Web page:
• Provide document destruction/disposal procedures
  • Provide the required equipment/facilities
  • Train, train, and train some more your employees on this threat
  • Use watermarks to identify the source of the leaks
  • Continuously monitor for leaks not only for digital goods, but also for physical ones (like documents, corporate devices, etc.)

Written by xorl

June 15, 2020 at 12:17

Posted in security

Lessons from the Twitter Saudi espionage case

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I was recently going through the Saudi Arabia espionage case on Twitter that went public in November 2019. I think there are lots of interesting lessons for any threat intelligence, and security in general, team in this case, which demonstrates a combination of cyber and traditional HUMINT techniques.



There are lots of information out there, but in my opinion the best source is the 27-pages long U.S. Department of Justice criminal complaint which goes through lots of details both on the counter-intelligence operation that the FBI in collaboration with Twitter did, but also all of the activities of the threat actors.

In summary, using a front charitable organization the Saudi intelligence officers organized a tour at Twitter’s office where they made their first contact with the insiders (also Saudi nationals working at Twitter) that they later recruited and used them to access over 6000 Twitter accounts’ data for intelligence collection purposes. After that they had several meetings in various locations (including during Twitter corporate events), and the intelligence officers were paying the insiders through a variety of means (wire transfers, deposits to relatives abroad, companies, etc.) for their services. The intelligence they were after was anything from dissidents, to background checks, and other intelligence collection targets (people that they were tracking).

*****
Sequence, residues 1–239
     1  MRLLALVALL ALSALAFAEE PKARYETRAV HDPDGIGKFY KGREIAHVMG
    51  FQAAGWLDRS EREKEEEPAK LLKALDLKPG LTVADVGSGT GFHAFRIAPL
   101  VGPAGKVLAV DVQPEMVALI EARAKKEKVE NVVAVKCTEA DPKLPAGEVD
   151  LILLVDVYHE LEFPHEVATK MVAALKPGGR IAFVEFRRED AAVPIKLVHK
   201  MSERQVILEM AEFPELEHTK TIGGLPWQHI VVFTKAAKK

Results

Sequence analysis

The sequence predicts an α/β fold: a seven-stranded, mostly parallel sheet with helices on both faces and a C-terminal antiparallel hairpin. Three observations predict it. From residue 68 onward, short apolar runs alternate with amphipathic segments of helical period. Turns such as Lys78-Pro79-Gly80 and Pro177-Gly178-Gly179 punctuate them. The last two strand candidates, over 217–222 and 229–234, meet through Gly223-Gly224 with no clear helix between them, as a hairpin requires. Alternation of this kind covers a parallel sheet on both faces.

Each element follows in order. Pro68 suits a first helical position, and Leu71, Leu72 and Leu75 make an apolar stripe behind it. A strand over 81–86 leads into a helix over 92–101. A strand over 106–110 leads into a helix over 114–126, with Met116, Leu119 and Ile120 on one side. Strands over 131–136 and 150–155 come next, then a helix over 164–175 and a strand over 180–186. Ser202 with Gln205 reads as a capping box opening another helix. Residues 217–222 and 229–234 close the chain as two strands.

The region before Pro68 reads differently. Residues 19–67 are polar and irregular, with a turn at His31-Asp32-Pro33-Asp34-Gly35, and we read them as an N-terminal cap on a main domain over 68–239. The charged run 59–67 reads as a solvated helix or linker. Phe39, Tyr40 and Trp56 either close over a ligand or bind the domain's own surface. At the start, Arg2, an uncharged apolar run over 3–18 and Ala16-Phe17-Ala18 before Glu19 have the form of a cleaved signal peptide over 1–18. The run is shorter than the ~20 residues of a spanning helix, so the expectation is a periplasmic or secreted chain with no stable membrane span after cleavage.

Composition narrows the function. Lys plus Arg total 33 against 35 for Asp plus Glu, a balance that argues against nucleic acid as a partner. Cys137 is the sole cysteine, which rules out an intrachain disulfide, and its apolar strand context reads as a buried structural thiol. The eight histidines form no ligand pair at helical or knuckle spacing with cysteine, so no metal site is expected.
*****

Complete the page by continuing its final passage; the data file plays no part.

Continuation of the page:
I was trying to summarize the lessons that a threat intelligence team can take from this corporate espionage case, and here is what I came up with.

  • The insiders were SREs but they managed to obtain access to customer data via internal tools. Monitoring for such activity should be relatively easy with good role definitions and UBA rules and can quickly identify insider threats.
  • In a similar manner, the insider SREs were able to bypass the normal Twitter account takedown/complaint process and do it themselves for accounts requested by their handlers. Like the above, any access to systems outside the team owned services should be something to monitor.
  • The criminal complaint has some references where one of the insider SREs had dozens of calls with his handler during work hours to provide intelligence on specific Twitter accounts. Similarly, there are reports of one the insiders being very stressed, taking unusual days off, etc. The TLs should be trained on picking up those signs and handling them accordingly. It might be personal issues, mental health, but also signs of conducting espionage.
  • Similarly to the above, the insiders were making last minute trips with same-day return, they were getting paid tens of thousands of dollars by their handlers (which likely means that they were also spending more), they were receiving expensive gifts that they have been witnessed wearing and selling, setting up companies, etc. All of those are indicators that a TL should have picked up and reported to the threat intelligence (or security) team to look for signs of insider threat activity.
  • The DoJ document doesn’t provide a lot of details on this, but it seems that the initial meeting was set up trivially without any, even basic, background check on the visitors. At a minimum, the visitors shouldn’t be allowed in all areas, they must always be escorted, and employees should be trained on what can be shared and signs of potential espionage activity by 3rd parties.
  • The insiders were using unconventional means for communication with their handlers including Apple Note, non-corporate GMail accounts, etc. Those are things to consider when building your DLP and decryption strategy. First analyse what users typically use for communication, follow whatever processes for approval your company/governments requires, and monitor them for threat indicators.
  • Another key factor, was the amount of people involved. Just like in most HUMINT collection operations, it was a network of employees that were collaborating. Keep this in mind when conducting such investigations, it’s rarely a single person that is doing everything.